Calabacín de Verano
El manual técnico "Producción Artesanal de Semillas de Hortalizas para laAgricultura Familiar" pretende instruir de manera didáctica y con un fuerte enfoque práctico la producción in situ de semillas de hortalizas.
Cucurbits production manual includes cucumber, cantaloupe, summer squash, pumpkin, butternut squash, calabaza, winter squash, and watermelon.
- Seeding and planting
- Fertilizer and lime
- Plant tissue analysis
- Petiole sap testing
- Weed management
- Insect management
- Disease management
- Production cost
Organic farmers rely primarily on preventive, cultural, and integrated methods of pest and disease management. Additionally, there are a number of materials that can complement and support organic management. This guide was developed to provide a useful and scientifically accurate reference for organic farmers and agricultural professionals who are searching for information on best practices, available materials, and perhaps most importantly, the efficacy of materials that are allowed for use in organic systems.
Florida Plant Disease Management Guide: Chemical Control Guide for Diseases of Vegetables, Revision No. 21
This publication is a guide to lawful use of sprayable chemicals intended for control of plant diseases affecting vegetables grown in Florida. For each crop, products are listed by FRAC code in alphabetical order to help differentiate products based on their active ingredient(s) and their specific mode of action(s).
The purpose of this book is to provide the best and most up-to-date information available for commercial vegetable growers in the southeastern US: Alabama, Florida, Georgia, Kentucky, Louisiana, Mississippi, North Carolina, Oklahoma, Texas, Tennessee, South Carolina and Virginia. These recommendations are suggested guidelines for production in the above states. Factors such as markets, weather, and location may warrant modifications and/or different practices or planting dates not specifically mentioned in this book.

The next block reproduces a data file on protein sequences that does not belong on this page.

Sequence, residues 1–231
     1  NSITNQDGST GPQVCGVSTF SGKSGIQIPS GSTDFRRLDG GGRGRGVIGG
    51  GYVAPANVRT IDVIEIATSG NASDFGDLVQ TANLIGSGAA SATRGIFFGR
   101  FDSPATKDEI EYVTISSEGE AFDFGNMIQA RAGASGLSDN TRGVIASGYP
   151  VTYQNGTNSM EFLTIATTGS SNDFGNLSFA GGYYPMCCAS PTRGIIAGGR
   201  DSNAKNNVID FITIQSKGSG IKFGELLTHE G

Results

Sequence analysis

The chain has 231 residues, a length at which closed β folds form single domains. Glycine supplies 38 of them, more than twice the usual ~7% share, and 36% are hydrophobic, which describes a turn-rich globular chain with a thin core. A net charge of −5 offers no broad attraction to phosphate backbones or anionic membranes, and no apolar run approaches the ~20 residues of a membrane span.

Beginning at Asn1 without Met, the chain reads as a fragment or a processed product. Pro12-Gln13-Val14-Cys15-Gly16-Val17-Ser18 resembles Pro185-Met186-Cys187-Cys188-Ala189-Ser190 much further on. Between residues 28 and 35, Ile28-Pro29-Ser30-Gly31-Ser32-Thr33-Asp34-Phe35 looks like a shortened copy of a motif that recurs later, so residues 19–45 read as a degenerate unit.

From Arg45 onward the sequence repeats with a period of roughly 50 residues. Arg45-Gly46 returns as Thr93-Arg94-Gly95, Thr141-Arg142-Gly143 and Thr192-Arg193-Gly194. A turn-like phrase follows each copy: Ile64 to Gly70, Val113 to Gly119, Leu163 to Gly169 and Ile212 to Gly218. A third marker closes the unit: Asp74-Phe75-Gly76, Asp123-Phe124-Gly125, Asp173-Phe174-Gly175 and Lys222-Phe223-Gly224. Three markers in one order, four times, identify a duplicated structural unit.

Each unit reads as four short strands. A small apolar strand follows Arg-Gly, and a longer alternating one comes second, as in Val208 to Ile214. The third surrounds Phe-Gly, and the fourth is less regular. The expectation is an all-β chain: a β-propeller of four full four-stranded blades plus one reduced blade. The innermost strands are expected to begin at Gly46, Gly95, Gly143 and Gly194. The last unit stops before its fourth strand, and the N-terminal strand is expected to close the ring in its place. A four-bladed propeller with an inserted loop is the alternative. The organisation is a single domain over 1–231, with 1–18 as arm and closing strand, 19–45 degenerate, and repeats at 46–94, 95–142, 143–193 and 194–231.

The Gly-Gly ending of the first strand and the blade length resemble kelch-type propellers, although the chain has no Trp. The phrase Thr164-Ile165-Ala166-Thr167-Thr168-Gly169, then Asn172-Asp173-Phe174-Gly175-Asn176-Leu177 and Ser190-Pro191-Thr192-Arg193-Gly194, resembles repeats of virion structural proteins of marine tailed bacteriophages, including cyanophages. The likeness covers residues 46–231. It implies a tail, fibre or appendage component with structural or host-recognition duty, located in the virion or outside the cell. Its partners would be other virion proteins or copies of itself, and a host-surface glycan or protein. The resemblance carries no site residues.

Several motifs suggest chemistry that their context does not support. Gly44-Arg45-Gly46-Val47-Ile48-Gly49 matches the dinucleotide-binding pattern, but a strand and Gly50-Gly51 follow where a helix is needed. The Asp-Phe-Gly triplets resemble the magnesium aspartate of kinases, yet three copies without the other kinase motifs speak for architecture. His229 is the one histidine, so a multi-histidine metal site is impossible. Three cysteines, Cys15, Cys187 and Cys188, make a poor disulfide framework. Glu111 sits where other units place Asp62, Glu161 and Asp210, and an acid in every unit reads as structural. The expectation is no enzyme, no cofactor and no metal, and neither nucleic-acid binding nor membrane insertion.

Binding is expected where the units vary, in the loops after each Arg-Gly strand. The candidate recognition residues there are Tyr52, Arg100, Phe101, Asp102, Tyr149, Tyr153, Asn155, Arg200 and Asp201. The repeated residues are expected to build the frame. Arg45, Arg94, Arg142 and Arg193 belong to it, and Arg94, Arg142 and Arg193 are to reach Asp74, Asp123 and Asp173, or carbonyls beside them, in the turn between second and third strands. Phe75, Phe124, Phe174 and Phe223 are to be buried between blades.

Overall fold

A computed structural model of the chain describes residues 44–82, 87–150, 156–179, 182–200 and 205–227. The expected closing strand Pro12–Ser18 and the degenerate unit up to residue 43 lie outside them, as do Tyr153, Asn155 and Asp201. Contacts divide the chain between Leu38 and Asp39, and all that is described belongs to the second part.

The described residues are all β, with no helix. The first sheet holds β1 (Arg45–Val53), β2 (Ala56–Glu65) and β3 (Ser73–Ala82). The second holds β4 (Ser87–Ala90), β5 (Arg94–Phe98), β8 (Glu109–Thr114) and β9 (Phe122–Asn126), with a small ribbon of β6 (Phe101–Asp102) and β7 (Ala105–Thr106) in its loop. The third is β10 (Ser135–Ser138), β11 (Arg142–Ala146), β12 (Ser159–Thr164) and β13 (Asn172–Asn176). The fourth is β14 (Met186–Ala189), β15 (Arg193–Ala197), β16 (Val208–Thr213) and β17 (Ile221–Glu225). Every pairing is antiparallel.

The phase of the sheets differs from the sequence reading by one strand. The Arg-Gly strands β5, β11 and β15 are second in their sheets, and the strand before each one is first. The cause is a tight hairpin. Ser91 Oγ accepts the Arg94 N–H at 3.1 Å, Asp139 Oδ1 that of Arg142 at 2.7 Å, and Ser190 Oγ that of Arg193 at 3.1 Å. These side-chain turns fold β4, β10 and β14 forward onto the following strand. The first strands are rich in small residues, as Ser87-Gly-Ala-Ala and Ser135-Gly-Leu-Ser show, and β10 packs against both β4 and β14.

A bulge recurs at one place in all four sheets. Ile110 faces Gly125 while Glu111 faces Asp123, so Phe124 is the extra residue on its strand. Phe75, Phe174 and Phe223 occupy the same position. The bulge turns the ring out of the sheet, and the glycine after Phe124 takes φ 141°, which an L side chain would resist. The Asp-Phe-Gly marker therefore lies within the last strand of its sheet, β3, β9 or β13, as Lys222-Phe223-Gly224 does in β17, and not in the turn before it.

This bulletin presents the framework for the nutrient recommendations for vegetable crops given in the new MSU nutrient recommendation program. A subsequent bulletin will provide more management information to complement basic details of the recommendations for individual crops.
Fruits and vegetables begin to deteriorate after they are harvested and separated from their growing environment. The rate of deterioration defines how long they will be acceptable for consumption. This is known as “shelf life.” To preserve the quality of fruits and vegetables and maximize profits for growers, it is critical to control the temperature of fresh produce and minimize the amount of time that products are exposed to detrimental temperatures.